Stetzer asks the question, “Should the definition of “salvation” be expanded beyond personal redemption of sins to include social justice through the reformation of economic and political institutions?”
This question is quite relevant in our current missional culture. Is the primary purpose and mission of Christians to “fix” society, culture, and politics in addition to sharing the Good News of Christ? Personally, I feel that we should keep our focus upon the simplicity and centrality of Christ Jesus. Nothing else matters eternally. That does not mean that ministering through platforms that address issues of social justice is not part of the equation. I feel that engaging in ministering to human needs is more of a way of life that points to the Good News rather than an end in itself. As we live a missional life and share the Good News, we should inevitably respond to human needs.
Hospitality should be understood as a way of life rather than as a task or strategy. It is easy to slip into viewing hospitality as a strategy for reaching migrants and refugees, or for that matter, for reaching postmodern youth or homeless people. But such an approach misunderstands the basic orientation of hospitality. Hospitality is not a means to an end; it is a way of life infused by the gospel. C.D. Pohl (The Changing Face of World Missions: Engaging Contemporary Issues & Trends by Pocock, Van Rheenen, McConnell, p67).
Social Justice issues have become quite popular with the emerging generation. Drilling water wells, feeding the poor, taking care of orphans, and those in need – all of these causes have become more central in some circles than the message of salvation through Jesus Christ. It seems that the pendulum swings from a focus on preaching toward a radical shift the other way to focus upon human needs. If we serve and love the poor without giving them hope in Christ, have they truly received salvation?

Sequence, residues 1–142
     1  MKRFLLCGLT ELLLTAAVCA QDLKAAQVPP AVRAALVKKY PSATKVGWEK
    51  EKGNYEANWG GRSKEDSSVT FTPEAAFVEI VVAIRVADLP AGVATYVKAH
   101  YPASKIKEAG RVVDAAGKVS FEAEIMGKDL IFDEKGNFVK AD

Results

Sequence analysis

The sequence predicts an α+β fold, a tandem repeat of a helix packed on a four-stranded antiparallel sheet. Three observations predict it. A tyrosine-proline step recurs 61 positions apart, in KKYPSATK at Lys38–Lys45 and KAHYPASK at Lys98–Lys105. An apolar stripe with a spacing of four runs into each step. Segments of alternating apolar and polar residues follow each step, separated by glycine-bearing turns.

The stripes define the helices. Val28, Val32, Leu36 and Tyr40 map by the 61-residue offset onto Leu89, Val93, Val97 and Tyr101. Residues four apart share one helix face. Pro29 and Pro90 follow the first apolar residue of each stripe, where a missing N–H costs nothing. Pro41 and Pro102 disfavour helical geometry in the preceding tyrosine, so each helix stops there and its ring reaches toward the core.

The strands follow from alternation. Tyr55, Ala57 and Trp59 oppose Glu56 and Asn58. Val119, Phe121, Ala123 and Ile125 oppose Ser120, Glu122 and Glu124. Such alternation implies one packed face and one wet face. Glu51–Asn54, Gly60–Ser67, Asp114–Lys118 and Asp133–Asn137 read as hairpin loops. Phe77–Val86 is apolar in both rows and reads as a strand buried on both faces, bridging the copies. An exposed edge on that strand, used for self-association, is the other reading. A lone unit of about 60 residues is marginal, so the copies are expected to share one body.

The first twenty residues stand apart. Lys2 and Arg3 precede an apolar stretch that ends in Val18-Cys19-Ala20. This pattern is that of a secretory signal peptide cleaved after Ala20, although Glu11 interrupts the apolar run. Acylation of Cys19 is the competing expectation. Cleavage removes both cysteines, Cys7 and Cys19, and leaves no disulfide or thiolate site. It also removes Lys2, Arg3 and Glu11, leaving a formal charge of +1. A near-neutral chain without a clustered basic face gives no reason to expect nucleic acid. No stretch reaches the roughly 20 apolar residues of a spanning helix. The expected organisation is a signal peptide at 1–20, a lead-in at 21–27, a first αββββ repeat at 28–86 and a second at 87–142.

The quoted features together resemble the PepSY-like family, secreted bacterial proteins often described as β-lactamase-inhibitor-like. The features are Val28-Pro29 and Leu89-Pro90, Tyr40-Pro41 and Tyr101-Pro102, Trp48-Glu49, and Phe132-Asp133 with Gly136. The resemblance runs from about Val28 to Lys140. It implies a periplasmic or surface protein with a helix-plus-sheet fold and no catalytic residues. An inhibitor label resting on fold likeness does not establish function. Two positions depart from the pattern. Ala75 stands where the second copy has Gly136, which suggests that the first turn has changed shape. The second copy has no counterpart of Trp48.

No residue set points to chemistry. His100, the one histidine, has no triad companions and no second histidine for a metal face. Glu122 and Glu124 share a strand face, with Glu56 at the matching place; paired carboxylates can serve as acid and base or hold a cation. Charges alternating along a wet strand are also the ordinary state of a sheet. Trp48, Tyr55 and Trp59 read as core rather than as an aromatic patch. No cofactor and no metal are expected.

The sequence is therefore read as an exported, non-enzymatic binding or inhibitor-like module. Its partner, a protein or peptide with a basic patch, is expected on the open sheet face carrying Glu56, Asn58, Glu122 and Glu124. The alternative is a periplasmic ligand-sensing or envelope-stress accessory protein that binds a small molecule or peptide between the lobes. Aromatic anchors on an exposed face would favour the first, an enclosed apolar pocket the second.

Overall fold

Mission history has been replete with an unfortunate tension between evangelism and social ministry. Obviously there have been those who have sought to proclaim the life-transforming message of the Gospel while ignoring the suffering and physical needs of their listeners. Likewise, there have been those who confined their witness to the good works they might do while never offering the recipients spiritual hope. Our Lord makes it clear that neglecting either one is not an option for the faithful and obedient disciple. Wherever Jesus went, He responded to human needs. He gave sight to the blind, cleansed the leper, healed the lame, and raised the dead, though the primary purpose of His coming was to provide deliverance and salvation for sin. (Jerry Rankin, Preach & Heal by Charles Fielding, forward).
Jesus modeled the ultimate example by both preaching and healing. Not only did he model it, he commanded it.
And as you go, preach, saying, ‘The kingdom of heaven is at hand.’ Heal the sick, raise the dead, cleanse the lepers, cast out the demons (Matthew 10:7-8, NASB; italics mine).
He sent them to preach the kingdom of God and to heal the sick (Luke 9:2, NKJV; italics mine).
Our identity should not be a “preacher” or a “healer” – but rather, we should see ourselves as a disciple of Christ Jesus. Our personal bias or affinity toward a method, strategy, or any other purpose other than the saving grace of Jesus Christ should not be allowed to become an idol. If one focuses upon social justice issues without proclaiming the Good News of Christ, then what makes it distinguishable from any other secular organization serving the poor? If one focuses only upon the preaching aspect, then where is the love, kindness, and gentleness that stifles the resounding gong or clanging cymbal? (I Cor 13:1)
Simply put, does the meaning of salvation include social justice, economic and cultural reform – No. However, there are aspects in which every disciple addresses these issues by living out a Christian lifestyle, but the ultimate focus is Jesus – the way, the truth, and the life.
Here are some other folks much more brilliant than I in this conversation: